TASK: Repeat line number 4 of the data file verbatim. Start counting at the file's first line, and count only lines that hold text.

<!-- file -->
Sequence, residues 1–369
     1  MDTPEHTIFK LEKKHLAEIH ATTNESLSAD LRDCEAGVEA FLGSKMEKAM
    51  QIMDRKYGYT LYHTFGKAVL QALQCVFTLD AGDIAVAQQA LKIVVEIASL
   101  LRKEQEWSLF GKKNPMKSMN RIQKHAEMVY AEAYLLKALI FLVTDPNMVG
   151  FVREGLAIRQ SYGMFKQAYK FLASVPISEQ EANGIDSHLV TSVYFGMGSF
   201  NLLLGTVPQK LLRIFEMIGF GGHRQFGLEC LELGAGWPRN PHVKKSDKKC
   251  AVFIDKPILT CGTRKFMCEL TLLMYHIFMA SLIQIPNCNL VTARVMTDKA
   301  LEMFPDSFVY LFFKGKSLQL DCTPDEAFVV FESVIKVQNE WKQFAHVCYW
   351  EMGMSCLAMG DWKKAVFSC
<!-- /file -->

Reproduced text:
   101  LRKEQEWSLF GKKNPMKSMN RIQKHAEMVY AEAYLLKALI FLVTDPNMVG